What is it with Londoners and tall buildings? The history of 1960s council block failures, underwritten by social problems, faulty lifts and dank staircases? Our otherwise low-rise historic environment? Or is it a deep distrust of foreign investors parking their money in luxury housing they will never inhabit?
Whatever the reason, tall buildings make for an emotive subject that has caught the imagination of the public and design fraternity alike, especially vividly since last NLQ and the launch of NLA’s blockbuster exhibition
on the subject. So it’s only natural that this issue reaches for the sky to explore that phenomenon further.
In addition to the Tall Buildings Special in which we cover some of the many events that have spearheaded this programme, looking abroad as well as at home for lessons and paths forward, we interview one of the main image-makers in this arena, Hayes Davidson, for its take on all things view corridor and cluster. We journey south to look at a zone where tall buildings are considered appropriate and will be a likely addition to a place now being catalysed largely through Westfield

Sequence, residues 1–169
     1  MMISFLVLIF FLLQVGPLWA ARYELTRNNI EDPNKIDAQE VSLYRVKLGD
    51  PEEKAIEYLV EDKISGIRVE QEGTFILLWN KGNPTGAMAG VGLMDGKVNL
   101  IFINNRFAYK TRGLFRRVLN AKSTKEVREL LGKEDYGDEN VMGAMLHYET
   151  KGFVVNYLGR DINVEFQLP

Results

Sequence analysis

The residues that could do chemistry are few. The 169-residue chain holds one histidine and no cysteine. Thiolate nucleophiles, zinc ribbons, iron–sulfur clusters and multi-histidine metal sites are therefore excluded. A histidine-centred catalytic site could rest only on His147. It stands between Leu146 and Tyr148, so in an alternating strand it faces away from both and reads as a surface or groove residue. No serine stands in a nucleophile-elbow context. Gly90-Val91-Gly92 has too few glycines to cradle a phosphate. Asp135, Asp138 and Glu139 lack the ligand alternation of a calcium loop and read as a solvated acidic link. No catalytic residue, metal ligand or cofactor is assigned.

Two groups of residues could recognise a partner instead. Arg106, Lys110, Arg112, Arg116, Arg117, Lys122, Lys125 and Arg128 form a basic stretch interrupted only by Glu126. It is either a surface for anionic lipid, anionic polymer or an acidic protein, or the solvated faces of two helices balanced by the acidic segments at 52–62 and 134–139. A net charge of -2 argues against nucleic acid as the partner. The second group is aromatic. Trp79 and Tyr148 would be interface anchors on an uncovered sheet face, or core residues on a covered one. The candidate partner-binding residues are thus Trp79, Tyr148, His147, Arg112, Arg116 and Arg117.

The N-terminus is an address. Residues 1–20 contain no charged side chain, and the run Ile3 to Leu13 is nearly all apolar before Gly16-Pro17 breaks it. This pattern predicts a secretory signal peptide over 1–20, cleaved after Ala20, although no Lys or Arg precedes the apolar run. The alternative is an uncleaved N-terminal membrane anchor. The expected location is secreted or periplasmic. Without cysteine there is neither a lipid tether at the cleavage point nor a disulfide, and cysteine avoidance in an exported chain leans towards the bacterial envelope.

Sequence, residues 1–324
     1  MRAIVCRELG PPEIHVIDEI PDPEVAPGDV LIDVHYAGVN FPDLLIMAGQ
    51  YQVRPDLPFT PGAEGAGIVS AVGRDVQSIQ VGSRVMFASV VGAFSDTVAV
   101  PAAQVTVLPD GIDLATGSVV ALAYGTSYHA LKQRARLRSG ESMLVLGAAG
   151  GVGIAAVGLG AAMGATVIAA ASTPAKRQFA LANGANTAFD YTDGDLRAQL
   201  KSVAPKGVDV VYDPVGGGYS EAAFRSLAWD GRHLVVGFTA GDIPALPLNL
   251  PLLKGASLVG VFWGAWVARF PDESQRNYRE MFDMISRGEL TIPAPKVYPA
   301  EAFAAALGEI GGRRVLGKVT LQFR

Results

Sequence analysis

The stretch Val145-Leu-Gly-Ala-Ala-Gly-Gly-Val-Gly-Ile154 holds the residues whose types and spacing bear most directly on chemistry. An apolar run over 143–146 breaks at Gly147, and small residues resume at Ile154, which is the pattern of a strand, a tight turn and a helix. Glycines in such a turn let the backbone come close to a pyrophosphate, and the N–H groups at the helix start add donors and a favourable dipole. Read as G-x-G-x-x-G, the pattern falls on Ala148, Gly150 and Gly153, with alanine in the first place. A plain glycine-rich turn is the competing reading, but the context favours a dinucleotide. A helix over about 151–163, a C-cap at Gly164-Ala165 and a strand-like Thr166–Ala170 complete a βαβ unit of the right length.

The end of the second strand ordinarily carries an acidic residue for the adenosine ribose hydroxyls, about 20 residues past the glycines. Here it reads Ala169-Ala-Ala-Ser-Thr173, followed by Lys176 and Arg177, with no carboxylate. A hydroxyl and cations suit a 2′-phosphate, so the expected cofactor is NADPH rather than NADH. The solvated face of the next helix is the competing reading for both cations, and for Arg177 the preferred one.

and Hammerson’s decision to invest
in the Whitgift Centre – Croydon.
Our New Londoner Jo Negrini, fresh from her spell at Newham, explains how her Olympic-like vision will translate to a place which has seen
so many false dawns in the past. The
Leadenhall Tower has been received
as a beacon of high quality among a sea of inferior schemes, and we talk
to its architect Graham Stirk about
his role in a practice that is working
at the top of its game – Rogers Stirk Harbour + Partners. Still in the City, another trio – this time headed by Sir Nicholas Kenyon – are seeking to make the most of Crossrail and the cultural elements around the Barbican, itself another of the key tall buildings to
have successfully negotiated the 70s, concrete and high design ideals.
Elsewhere in the magazine we look
at public art as it has been used to good effect by The Crown Estate, and, in a new feature we’re calling Project Preview we take an extended look at an interesting project that is set to rework an important 60s estate – the Aylesbury, by HTA. Our building review this issue looks at another reworking – this time of the former home of the BBC’s World Service and John Robertson Architects’ Aldwych Quarter scheme. And there is the usual mix of capital ideas, opinion pieces and market summaries besides.
Ultimately, with over 230 tall buildings set to come to London’s skyline, there
is a sense in which the horse has already bolted. But that’s not to say that that those horses can’t be as well-groomed, fit-for-purpose, and popular as possible. The debate will continue.
Enjoy the issue.
David Taylor, Editor